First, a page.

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The Connection Between Inflammation and Stress

The Connection Between Inflammation and Stress

You may have heard both the terms “inflammation” and “stress”, but did you know they were connected? Chronic, unmanaged stress can actually lead to chronic inflammation, which in turn can lead to various health conditions. By managing your stress, you may also be able to prevent your risk of conditions such as obesity, heart disease, and metabolic syndrome.  


Inflammation:


To start, what is inflammation? Inflammation is actually a protective process that supports your body in fighting injury and infection. It’s when inflammation becomes chronic that it can have negative effects. As part of the inflammation process, your body produces additional white blood cells, immune cells, and other substances to help fight the infection. 


There are two types of inflammation, acute inflammation and chronic inflammation. With acute or short-term inflammation, there is often pain, redness, heat, or swelling. For example, if you bump your knee, the surrounding area starts to swell, bruise, and can become painful. Chronic inflammation, on the other hand, is inflammation that is long-lasting and typically doesn’t have visual symptoms. It has been found to lead to health conditions such as diabetes, heart disease, and cancer.


Stress:


Now, what happens to your body when it is under stress? Signs and symptoms of stress can come in many different forms, whether it’s from losing a job, over-exercising, or being chased by a bear, the body views all of these as a stressor. 


Regardless of the stressor, the body’s stress response is triggered by various hormones and nerves in the body. Cortisol is one of these important stress hormones. It is typically released in response to particular events such as waking up in the morning, exercising, and acute or sudden stress. Cortisol is part of the fight-or-flight response and temporarily suppresses non-essential functions such as the immune response and digestion. Additionally, it increases energy production, inhibits insulin production, and narrows blood vessels to aid the body in responding to the stressor. The resulting imbalances then resolve once the stressor is eliminated.


As you can see, this mechanism is designed to help get you through a sudden stressful situation and we all will have high cortisol from time to time. However, when cortisol levels are chronically elevated, it can have a negative impact on weight, immune function, and chronic disease risk. 


The Intersection of Stress and Inflammation:


While much is still unknown, current research indicates that chronic stress can over-stimulate the immune system, which can lead to an imbalance of inflammation and anti-inflammation. Again, inflammation itself is not problematic, just when it becomes chronic. Furthermore, high levels of inflammation can continue to impact stress-related diseases. Some stress related diseases that can be linked to inflammation are cardiovascular disease, coronary heart disease, metabolic syndrome and many other types of health problems. Stress management is often easier said than done, however reducing your stress levels can have a big impact on your health by reducing inflammatory markers in your body!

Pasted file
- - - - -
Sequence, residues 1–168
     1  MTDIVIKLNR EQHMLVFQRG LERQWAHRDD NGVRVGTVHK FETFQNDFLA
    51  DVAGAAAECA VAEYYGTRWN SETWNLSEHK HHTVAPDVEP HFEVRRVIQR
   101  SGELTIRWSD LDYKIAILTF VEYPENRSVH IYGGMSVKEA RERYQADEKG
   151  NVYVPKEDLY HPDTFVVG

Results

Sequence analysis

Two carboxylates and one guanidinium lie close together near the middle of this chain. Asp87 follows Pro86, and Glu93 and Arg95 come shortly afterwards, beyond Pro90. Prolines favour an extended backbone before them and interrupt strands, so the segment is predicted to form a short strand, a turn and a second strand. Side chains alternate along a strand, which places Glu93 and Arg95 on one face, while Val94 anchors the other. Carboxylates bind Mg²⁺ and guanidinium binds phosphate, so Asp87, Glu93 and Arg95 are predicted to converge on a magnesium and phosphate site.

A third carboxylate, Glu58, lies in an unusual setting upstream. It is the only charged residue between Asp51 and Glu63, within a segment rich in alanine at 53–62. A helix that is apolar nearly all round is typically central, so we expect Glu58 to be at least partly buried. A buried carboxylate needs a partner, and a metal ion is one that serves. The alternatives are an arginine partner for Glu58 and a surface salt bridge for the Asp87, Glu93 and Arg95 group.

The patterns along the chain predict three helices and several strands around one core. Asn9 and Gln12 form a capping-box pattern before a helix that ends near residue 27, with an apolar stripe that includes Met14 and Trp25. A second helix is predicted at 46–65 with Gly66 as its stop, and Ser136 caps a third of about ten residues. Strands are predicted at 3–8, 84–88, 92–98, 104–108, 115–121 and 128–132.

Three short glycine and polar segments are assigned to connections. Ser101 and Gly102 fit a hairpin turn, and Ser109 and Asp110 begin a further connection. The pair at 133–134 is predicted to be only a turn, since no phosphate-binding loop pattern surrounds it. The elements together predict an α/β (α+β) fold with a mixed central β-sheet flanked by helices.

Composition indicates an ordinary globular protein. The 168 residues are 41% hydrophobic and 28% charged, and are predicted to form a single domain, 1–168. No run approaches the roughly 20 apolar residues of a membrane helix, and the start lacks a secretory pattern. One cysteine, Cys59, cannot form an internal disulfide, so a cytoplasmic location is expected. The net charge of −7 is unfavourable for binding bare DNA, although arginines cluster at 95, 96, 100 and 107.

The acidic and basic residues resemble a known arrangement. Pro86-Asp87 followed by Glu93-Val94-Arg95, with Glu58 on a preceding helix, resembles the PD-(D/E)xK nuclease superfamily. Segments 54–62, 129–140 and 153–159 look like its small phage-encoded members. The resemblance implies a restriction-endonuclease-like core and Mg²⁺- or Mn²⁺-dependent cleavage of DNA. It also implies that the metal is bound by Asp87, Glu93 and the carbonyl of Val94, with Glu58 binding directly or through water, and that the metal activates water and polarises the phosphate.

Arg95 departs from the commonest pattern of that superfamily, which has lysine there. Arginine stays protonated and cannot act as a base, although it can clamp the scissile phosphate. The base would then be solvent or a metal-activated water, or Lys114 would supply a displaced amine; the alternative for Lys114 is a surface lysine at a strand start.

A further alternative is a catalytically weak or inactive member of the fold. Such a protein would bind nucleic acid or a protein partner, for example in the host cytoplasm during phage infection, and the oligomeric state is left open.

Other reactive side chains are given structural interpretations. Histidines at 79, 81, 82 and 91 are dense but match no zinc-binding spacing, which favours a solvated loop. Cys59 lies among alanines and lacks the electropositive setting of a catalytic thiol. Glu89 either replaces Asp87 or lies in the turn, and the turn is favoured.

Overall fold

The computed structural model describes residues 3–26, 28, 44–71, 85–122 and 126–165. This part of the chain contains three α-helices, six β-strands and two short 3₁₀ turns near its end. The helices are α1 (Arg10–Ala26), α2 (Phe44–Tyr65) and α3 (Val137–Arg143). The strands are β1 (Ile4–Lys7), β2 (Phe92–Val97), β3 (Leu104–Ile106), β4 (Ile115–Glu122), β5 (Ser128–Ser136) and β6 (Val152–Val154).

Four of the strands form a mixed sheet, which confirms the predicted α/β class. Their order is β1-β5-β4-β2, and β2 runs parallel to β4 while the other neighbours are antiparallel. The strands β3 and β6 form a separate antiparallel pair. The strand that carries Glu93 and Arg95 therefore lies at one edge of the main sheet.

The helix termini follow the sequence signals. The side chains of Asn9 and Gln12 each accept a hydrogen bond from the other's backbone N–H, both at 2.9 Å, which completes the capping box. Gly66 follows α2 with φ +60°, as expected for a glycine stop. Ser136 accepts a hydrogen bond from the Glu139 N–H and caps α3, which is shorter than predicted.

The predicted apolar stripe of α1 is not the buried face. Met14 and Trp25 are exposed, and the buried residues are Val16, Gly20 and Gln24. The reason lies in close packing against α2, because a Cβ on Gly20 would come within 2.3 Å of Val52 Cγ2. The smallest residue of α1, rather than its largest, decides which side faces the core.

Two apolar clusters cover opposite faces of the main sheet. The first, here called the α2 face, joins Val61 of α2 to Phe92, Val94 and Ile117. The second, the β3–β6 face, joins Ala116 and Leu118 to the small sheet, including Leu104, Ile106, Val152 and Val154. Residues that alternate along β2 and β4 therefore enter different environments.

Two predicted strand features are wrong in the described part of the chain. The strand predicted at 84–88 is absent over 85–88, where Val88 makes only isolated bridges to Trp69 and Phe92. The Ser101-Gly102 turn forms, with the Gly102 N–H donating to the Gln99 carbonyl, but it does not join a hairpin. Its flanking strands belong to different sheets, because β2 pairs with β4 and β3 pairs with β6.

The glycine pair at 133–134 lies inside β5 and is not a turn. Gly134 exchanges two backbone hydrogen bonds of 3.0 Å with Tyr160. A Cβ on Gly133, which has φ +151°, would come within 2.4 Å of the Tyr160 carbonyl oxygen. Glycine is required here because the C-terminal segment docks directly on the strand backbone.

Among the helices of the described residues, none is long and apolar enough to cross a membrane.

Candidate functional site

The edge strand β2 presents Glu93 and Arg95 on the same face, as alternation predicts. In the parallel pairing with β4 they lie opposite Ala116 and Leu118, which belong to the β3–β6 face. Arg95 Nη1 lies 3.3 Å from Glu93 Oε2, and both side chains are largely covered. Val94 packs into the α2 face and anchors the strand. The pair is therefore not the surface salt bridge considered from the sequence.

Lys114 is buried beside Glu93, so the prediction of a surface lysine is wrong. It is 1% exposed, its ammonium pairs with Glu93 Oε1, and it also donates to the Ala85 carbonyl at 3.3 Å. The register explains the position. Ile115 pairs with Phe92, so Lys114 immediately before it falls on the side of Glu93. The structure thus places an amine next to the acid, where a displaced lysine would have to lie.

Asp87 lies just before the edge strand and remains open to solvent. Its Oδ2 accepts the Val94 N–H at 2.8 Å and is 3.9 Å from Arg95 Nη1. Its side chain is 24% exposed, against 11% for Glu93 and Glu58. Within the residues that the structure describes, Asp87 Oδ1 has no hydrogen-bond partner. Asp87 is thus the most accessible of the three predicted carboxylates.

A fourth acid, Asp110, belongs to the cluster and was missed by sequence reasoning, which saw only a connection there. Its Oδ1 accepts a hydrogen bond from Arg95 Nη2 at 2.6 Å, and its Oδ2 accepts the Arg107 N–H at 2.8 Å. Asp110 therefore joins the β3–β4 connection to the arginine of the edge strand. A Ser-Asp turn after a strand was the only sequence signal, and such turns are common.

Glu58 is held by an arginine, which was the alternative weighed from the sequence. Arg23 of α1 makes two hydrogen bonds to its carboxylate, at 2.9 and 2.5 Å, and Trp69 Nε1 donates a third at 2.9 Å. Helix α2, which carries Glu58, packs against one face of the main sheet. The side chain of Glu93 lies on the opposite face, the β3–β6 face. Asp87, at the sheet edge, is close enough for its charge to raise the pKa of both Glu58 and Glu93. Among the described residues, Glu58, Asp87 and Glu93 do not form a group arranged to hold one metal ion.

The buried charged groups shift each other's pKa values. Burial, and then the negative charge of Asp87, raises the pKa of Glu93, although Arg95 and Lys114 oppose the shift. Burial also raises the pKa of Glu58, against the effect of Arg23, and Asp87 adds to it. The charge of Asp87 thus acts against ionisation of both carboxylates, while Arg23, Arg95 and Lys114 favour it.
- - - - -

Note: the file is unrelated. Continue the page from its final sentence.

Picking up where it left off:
Ways to manage stress:


Since everyone will likely have different coping mechanisms that work for them, it is important to find ways to manage stress that work for you! 

Coping mechanisms to try:

Yoga and meditation:Research has shown that practicing yoga or meditation can improve the inflammatory and stress response.
Walking: While intense forms of movement may add to your stress levels, forms of light movement such as walking can be beneficial to reducing stress. Keep the movement light to moderate during times of high stress to ensure you’re not further elevating stress. 
Journaling: Writing down your thoughts can be a great way to unload feelings of stress rather than letting them harbor. Journaling can also help you clarify and process what you are feeling.
Talking to a loved one: Having a strong social support system has been shown to increase stress resilience. Give your friend or family member a call and see if that can help you reduce some stress. 
Ask for help:When your coping mechanisms aren’t enough, remember to ask for help from a professional such as a psychologist or other mental health provider. They can address your specific needs and provide you with additional tools to manage your stress. 



1. https://www.ncbi.nlm.nih.gov/pmc/articles/PMC5476783/ 

2.https://www.nature.com/articles/tp201327

3.https://www.ncbi.nlm.nih.gov/pmc/articles/PMC5278216/#B39

4.https://www.ncbi.nlm.nih.gov/pmc/articles/PMC4851883/

5.https://journals.lww.com/acsm-essr/Fulltext/2005/07000/Physical_Activity_and_Stress_Resistance_.4.aspx

6.https://www.ncbi.nlm.nih.gov/pmc/articles/PMC2921311/


We will all encounter stressful situations from time to time, some situations may be avoidable, while others might not be. During those times where stress is high, it is important to do what you can to manage your stress to protect yourself from chronic stress and the risk of chronic inflammation. 

Did you know that your genes can also help you get a better understanding of what stressors you are more likely to respond to, as well as how you are likely to respond? GenoPalate is excited to soon be offering genetic insights on your stress triggers and responses with even more detailed information on how these can impact your overall health and what you can do about it. By gaining a deeper understanding of how your genes impact your stress, as well as small but effective ways to optimize your foods and dietary habits, you can begin to protect your body from the negative impact of stress and even potentially improve your overall mood and stress levels.


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